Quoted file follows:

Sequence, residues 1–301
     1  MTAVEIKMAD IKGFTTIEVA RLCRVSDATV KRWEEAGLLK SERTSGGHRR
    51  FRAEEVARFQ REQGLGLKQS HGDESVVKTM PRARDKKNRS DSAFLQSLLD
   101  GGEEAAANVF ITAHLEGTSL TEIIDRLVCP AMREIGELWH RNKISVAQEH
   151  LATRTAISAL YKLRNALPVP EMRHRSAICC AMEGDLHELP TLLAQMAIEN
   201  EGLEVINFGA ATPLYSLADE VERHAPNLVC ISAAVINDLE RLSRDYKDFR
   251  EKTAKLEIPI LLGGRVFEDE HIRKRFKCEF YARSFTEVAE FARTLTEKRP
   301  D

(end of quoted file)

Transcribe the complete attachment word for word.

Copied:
Sequence, residues 1–301
     1  MTAVEIKMAD IKGFTTIEVA RLCRVSDATV KRWEEAGLLK SERTSGGHRR
    51  FRAEEVARFQ REQGLGLKQS HGDESVVKTM PRARDKKNRS DSAFLQSLLD
   101  GGEEAAANVF ITAHLEGTSL TEIIDRLVCP AMREIGELWH RNKISVAQEH
   151  LATRTAISAL YKLRNALPVP EMRHRSAICC AMEGDLHELP TLLAQMAIEN
   201  EGLEVINFGA ATPLYSLADE VERHAPNLVC ISAAVINDLE RLSRDYKDFR
   251  EKTAKLEIPI LLGGRVFEDE HIRKRFKCEF YARSFTEVAE FARTLTEKRP
   301  D